communion with Jesus as a real and living Person.”  The Pope brings us face to face with the defining difference
between Christianity and Islam: one religion bases its response to the human
person’s religious sense upon a message delivered 1,400 years ago, while the
other offers the experience of a Man who died but is alive and present with us
today.  As Fr. Juliàn Carròn,
President of the Fraternity of Communion and Liberation, recently affirmed:
Jesus’ message and even all the miracles He performed were not enough to
overcome the sadness of His disciples on the road to Emmaus –only His risen
presence could ignite their hearts once again.

5. We are not Islamophobic, nor
do we fear our post-modern world. 
On the contrary, we invite all to look at Mother Teresa and at the Man
to whom she gave her life.  In His
Person, present with us today, all can find the Truth that alone will deliver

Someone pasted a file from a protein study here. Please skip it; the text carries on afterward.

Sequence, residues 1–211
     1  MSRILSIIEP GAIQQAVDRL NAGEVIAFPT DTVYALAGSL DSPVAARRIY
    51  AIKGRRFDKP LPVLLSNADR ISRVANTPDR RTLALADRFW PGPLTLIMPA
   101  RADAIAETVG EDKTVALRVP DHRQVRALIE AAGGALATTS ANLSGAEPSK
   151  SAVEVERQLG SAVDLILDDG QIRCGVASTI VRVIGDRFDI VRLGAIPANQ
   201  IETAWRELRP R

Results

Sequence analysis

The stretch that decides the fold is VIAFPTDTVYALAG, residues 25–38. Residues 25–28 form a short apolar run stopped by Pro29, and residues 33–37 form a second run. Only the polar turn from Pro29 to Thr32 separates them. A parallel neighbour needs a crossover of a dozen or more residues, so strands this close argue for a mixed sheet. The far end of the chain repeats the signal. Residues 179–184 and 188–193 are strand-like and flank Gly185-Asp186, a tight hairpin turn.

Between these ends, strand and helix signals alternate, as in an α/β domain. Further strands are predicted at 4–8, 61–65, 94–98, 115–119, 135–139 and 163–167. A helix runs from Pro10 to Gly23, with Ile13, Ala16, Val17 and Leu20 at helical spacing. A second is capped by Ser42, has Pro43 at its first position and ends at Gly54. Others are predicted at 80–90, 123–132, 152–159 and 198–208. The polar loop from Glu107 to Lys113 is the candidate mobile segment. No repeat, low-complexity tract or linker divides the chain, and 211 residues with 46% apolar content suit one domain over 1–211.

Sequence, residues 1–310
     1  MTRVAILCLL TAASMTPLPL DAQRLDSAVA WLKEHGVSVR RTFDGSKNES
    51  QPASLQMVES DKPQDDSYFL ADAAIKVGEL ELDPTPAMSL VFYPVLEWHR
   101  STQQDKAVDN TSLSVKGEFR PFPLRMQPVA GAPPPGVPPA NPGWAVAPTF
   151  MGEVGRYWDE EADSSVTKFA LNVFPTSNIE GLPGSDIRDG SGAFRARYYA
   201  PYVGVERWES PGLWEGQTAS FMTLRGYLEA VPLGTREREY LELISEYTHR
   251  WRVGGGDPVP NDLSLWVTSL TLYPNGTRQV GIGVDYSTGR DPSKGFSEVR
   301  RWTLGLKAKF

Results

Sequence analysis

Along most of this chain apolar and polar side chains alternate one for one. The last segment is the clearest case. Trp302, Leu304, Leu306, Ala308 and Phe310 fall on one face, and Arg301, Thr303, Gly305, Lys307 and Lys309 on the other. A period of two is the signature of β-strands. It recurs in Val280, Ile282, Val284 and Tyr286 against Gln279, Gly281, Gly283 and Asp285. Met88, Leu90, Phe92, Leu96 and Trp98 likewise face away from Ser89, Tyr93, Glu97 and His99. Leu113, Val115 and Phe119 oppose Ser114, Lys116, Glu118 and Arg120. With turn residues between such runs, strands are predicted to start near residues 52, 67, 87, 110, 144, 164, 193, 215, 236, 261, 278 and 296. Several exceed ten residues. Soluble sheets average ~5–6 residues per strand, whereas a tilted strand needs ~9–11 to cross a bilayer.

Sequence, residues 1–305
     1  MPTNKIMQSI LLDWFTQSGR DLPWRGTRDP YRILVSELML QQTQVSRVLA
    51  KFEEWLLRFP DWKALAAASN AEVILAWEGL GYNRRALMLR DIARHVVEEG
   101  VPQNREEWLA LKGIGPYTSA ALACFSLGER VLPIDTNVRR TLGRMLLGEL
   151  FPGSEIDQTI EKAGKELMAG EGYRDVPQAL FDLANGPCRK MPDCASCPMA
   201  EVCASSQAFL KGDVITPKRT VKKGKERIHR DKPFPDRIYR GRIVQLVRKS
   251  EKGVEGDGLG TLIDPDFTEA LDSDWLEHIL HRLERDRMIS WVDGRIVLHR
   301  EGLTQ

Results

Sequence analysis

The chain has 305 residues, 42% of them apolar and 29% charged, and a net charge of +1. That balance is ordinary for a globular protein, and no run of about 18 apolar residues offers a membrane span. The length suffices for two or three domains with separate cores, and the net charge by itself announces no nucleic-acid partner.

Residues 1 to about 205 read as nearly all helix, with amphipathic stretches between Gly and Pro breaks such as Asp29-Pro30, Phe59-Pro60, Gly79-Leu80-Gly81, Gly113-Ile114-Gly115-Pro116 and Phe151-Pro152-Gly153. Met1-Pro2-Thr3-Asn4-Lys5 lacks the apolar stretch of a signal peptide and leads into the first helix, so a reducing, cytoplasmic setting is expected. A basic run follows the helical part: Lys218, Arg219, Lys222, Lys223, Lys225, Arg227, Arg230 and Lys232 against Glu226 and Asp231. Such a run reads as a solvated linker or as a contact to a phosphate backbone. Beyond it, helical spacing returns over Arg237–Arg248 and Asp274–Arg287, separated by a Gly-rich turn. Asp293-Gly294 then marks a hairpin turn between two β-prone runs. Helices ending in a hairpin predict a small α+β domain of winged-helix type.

the freedom America promises.

Communion and Liberation

September 11, 2010


Benedict XVI,  General Audience,
Paul VI Audience Hall, Wednesday, February 17, 2010 (

cfr. Luke 24: 13-35

Here’s the text for easy printing: CL Sept 11, 2010 Flyer.pdf

Recognizing what Pope Benedict has done for the Church … Julián Carrón

This coming Monday is the fifth anniversary of the election
of Pope Benedict XVI. Communion and Liberation is encouraging people to attend
Mass, pray a Rosary, or attend Eucharistic Adoration on that day to pray for
the Holy Father, in thanksgiving for his witness to Christ.

The following
letter is from Father Julián Carrón, the President of Communion and Liberation,
sent to the Italian newspaper La Repubblica (April 4, 2010).

Let Us Return,
Wounded, to Christ

Father Julián Carrón

Julian Carron.jpg

None of us has ever been as dismayed
as we are in front of the heart-wrenching story of child abuse. Our dismay
arises from our inability to respond to the demand for justice which springs
from the bottom of our hearts.+The request to assume responsibility, the